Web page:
Research and Discoveries

Rethinking Serotonin's Role in Depression

  • Published8 Mar 2019
  • Author Alexis Wnuk
  • Source BrainFacts/SfN
Edgar Degas’ painting, Melancholy
For centuries, artists and researchers alike, have attempted to shed light on depression as portrayed in Edgar Degas’ painting, Melancholy.
"Melancholy" by Edgar Degas (public domain)

A Chemical Imbalance

The staff at Sea View Hospital on Staten Island witnessed a near miracle in 1952. Their tuberculosis patients were up from their sick beds and fever-free. But more amazing, their appetites had returned, and they had renewed energy and vitality. These once gravely ill patients were euphoric and dancing in the hallways. All in response to a newly-developed tuberculosis drug, iproniazid.

Conversely, a series of case reports in the New England Journal of Medicine documented a much more dire result from taking the blood pressure medication reserpine. Patients like H.B. withdrew from the world. The retired policeman, who was 52 years old at the time of the report in 1954, no longer enjoyed gardening or even watching television. When he woke in the early hours of the morning, he was consumed with thoughts of suicide.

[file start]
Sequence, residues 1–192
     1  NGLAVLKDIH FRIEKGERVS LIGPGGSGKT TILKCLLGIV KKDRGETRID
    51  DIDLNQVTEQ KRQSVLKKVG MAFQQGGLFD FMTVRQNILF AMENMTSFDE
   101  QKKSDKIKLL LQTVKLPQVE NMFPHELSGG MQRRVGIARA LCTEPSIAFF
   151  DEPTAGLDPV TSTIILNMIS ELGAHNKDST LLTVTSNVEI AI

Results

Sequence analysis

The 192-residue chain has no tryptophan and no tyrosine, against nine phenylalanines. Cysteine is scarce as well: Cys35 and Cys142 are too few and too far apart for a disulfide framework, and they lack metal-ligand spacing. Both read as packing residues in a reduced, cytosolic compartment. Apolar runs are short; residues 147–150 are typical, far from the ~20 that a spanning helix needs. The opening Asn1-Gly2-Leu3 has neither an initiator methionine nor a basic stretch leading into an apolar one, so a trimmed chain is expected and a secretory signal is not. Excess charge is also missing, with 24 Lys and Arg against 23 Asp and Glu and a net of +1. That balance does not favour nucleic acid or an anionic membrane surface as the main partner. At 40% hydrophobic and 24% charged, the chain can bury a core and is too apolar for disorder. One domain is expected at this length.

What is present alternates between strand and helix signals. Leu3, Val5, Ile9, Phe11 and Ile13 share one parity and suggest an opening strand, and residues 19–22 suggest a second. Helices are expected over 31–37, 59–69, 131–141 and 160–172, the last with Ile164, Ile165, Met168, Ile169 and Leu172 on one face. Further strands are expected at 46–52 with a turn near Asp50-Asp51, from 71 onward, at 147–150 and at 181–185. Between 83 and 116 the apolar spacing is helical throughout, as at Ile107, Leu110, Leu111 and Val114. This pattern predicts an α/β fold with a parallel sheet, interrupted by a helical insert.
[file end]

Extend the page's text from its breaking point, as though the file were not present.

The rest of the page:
Gloria Sydnor smiles as a nurse checks her weight at Sea View Hospital on February 23, 1952. Sydnor was one of nearly 200 tuberculosis patients at the Staten Island hospital treated with the experimental drug iproniazid. She weighed just 77 pounds when she started treatment, but within two months she gained 62 pounds.
Bettmann/Contributor/Getty Images

As one drug plunged people into a deep depression and another rendered them euphoric, physicians and scientists began to posit that depression arises from some sort of “chemical imbalance” in the brain.

By the late 1950s, after a handful of studies suggested iproniazid improved mood in depressed people, physicians began prescribing it off-label for depression. That came to an end when the FDA pulled its approval of the drug entirely in 1961, after reports of serious side effects like hypertension and liver toxicity.

Still, the wildly divergent effects of iproniazid and reserpine on mood offered tantalizing clues about how depression might be treated with pharmaceuticals. Around the same time iproniazid was pulled from the market, scientists learned both it and reserpine target a class of brain chemicals called monoamines. Tasked with relaying messages between neurons in the brain, monoamines are neurotransmitters that include dopamine, epinephrine, and serotonin. While reserpine depletes the brain’s stores of monoamines, iproniazid boosts the supply of these neurotransmitters by stymieing the enzyme that breaks them down, and as such is known as a monoamine oxidase inhibitor, or MAOI.